Want to setup a map<> for something? Make sure you keep track of everything and/or iterate it when erasing so you can delete everything.

I do not understand what Brian is referring to here. Deleting every pointer in a map is simply for(auto& p: m) delete p.second;. In most cases, you do not even need that! I usually do maps of ints, pairs, strings, vectors, non-polymorphic types, etc. which do not require anything; and contrary to garbage collection, RAII will take care of cases which are more general than simply clearing the memory. If polymorphism is required, smart pointers will handle deletion.

bahahaha I forgot you can do multiple inheritance in C++ . . . . what a bad idea

Maybe nobody uses it, maybe people use it to implement something like Java interfaces (which were designed later), maybe it is used in the implementation of C++ itself. I do not care. I never use this and I have no problems with this feature existing. I consider the diamond problem to be an inherent to (class-based) OOP, especially in roguelike programming, when the hierarchical subclass distinctions are often very blurry (attack monsters with a cockatrice corpse? uh, it was first a monster, then it was food, and now it is a weapon?).

omg I forgot C++ can't compile circular references; so a child can't simply refer to it's parent without some sort of hackery like void* (I've written several million lines production of C++ in my life, for those concerned I have no clue what's going on with C++)

Simply use forward declarations, I do not get how Brian did not remember this.

Wow, c++ got a little unhinged with copy/move semantics since I last visited it, hu? I'm trying to imagine people with like less than 20 years of C++ experience writing correct C++ programs nowadays..."

Yeah, the copy/move semantics sounds crazy. But... what happens when you compile an older program with C++11? It compiles and works faster, because move semantics work behind the scenes. One only needs to understand it and care about it when writing extremely efficient programs.

...also not having introspection/reflection sucks a fucking A+ hairy nutsack.

For introspection (as in, checking what is the exact type of a polymorphic object) dynamic_cast is fine. As for reflection -- this seems to cure a problem that I do not have because I rarely use OOP. There is OOP in NotEye, and debug/save/load functions are case-by-case listings of all fields -- this is a place where reflection could be used, but I do not believe it would help that much because (a) this was trivial to write, (b) it appears easier to handle special cases, such as when new fields are added / class hierarchy is redesigned and the load function has to be adapted without breaking older saves. (Anyway, I have managed to implement a method executing a given lambda function with parameters (auto field, string name) for all fields of a polymorphic object in seven lines of C++ plus two lines per class, and creating objects by class ID in about ten extra lines; despite having to write a list of fields and subclasses for each class, I like my solution for efficiency and type safety.)

Coming back to C++ after such a long layoff it's amusingly clear just how much Stockholm Syndrome you develop with its language design.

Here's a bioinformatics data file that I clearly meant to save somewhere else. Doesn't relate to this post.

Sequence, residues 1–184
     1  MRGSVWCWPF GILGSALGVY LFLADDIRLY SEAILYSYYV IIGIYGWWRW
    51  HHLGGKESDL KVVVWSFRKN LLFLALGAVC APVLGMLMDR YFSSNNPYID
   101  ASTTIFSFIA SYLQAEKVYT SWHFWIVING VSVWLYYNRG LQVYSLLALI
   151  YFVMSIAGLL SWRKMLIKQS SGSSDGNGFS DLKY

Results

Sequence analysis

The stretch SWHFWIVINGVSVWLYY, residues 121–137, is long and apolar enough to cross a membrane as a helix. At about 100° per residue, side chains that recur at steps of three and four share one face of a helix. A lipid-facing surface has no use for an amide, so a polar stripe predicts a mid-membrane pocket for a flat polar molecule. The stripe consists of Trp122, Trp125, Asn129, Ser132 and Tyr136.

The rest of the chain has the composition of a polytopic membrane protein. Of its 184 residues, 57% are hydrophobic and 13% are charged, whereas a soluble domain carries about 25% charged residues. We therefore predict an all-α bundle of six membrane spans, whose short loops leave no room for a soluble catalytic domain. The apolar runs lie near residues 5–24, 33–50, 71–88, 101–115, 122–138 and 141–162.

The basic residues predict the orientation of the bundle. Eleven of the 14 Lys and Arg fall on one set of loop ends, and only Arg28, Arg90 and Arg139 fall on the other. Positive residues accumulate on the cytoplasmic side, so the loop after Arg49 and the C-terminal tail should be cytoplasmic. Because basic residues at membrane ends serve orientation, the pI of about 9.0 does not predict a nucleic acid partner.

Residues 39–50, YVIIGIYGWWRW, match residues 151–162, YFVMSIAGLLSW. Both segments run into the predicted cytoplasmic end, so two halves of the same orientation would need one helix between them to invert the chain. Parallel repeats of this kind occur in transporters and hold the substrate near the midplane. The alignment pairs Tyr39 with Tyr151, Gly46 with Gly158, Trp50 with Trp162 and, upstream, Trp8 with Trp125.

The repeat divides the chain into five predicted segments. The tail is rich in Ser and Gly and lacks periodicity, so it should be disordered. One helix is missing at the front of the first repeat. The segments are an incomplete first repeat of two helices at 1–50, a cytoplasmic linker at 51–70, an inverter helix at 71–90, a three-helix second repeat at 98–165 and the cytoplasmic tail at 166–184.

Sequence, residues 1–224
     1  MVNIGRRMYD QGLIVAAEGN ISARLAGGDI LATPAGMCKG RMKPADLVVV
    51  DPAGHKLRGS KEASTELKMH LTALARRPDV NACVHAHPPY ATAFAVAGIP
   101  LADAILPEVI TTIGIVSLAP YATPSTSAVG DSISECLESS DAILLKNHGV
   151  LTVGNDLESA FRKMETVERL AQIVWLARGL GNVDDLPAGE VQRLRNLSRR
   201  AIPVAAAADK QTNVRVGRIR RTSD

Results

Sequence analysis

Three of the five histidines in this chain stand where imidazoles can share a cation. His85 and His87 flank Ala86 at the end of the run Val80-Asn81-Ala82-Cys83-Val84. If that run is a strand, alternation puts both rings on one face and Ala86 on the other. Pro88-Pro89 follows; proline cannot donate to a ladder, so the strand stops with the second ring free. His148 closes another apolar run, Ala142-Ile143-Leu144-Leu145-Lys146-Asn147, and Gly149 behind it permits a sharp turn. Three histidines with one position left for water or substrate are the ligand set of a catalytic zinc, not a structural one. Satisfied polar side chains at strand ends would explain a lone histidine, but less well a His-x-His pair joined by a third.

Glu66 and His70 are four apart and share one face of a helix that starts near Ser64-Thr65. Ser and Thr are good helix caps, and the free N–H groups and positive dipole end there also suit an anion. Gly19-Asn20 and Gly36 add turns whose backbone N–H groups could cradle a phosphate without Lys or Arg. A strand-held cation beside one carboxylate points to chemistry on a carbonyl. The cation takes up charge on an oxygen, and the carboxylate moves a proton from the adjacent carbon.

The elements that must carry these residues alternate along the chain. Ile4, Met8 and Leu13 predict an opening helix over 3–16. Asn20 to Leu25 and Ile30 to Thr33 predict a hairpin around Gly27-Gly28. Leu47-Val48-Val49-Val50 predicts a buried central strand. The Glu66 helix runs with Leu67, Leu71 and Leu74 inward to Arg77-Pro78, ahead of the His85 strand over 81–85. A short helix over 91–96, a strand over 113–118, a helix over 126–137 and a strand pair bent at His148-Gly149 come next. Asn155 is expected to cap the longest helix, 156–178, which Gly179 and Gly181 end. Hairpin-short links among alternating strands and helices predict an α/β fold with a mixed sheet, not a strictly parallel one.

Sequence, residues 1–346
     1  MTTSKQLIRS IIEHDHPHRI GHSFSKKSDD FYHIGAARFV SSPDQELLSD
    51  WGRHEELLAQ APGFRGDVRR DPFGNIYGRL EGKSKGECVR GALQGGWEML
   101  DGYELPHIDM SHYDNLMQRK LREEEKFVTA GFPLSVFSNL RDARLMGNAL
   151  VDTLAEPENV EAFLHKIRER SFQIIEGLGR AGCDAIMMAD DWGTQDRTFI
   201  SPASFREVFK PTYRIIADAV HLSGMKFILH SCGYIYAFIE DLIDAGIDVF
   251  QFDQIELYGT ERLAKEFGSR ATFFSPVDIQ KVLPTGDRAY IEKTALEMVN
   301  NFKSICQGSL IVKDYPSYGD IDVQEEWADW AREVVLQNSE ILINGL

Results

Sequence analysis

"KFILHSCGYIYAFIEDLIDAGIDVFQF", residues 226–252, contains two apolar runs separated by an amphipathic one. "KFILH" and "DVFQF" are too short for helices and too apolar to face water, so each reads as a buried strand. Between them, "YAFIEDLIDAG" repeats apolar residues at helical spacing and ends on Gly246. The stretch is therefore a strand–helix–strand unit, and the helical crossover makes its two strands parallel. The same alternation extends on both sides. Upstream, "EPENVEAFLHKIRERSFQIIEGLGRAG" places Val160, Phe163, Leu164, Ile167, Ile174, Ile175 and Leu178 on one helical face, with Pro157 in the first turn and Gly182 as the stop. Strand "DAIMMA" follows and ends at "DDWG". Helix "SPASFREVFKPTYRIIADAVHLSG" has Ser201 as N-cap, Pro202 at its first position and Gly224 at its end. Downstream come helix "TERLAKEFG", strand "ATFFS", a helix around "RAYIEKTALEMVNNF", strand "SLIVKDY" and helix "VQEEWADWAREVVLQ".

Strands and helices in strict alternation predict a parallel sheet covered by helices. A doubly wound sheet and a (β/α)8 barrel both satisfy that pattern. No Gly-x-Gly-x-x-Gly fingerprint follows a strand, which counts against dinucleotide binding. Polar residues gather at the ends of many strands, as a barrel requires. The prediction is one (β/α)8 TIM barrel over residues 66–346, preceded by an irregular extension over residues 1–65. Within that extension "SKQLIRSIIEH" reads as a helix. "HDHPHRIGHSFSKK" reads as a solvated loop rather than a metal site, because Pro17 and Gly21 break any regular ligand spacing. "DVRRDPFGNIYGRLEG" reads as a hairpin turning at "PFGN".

There were several tweets like this. I know some legitimate criticisms of C++, but all Brian's criticisms appear to be caused by some kind of bias -- problems already solved appear easy, new problems appear difficult, or maybe self-confirmation, or working on some very poorly designed external project. It is hard to see what could be achieved by using templates, macros, RAII, and smart pointers when being used to OOP and reflection. Rather than accusing people of "Stockholm Syndrome", I suppose that some people think in this way, and other people think in that way, and everyone chooses the language which is better aligned with their way of thinking.

Friday, 24 March 2017

HyperRogue 9.4 is now available freely!

HyperRogue version 9.4c is released freely! You can download the Windows executable with source that compiles on Linux, the OSX package, the source, the Android version, or play the online version.

Compared to the previous free release of HyperRogue (8.3j) it includes the following new features:
  • Adaptative animations, 3D display, sound effects, and other user interface improvements.
  • Ten new lands, including Reptiles where the floor is made of reptiles, Burial Grounds where you have to use the curvature to gather treasures, and the Halloween mini-game where you have to use the limited resources in spherical geometry! See all lands in the HyperRogue gallery.
  • Geometry nerds can now experiment with spherical, elliptic, or quotient hyperbolic geometry, access new 3D models of the hyperbolic world, try cellular automata, or use HyperRogue as a visualization engine.
  • And tons of other minor improvements, such as turn-based multiplayer or changes to Orb frequency -- see the full changelog here.

As you can see, this is the latest version available at the moment; thus, the paid extras are only the social features (achievements, leaderboards) and automatic updates. We are tending towards changing the "previous major version is available for free" system a bit, as it has some disadvantages.
  • Bugfixes and interface improvements should be immediately available in the free version, as bugs or bad interface could drive the players away.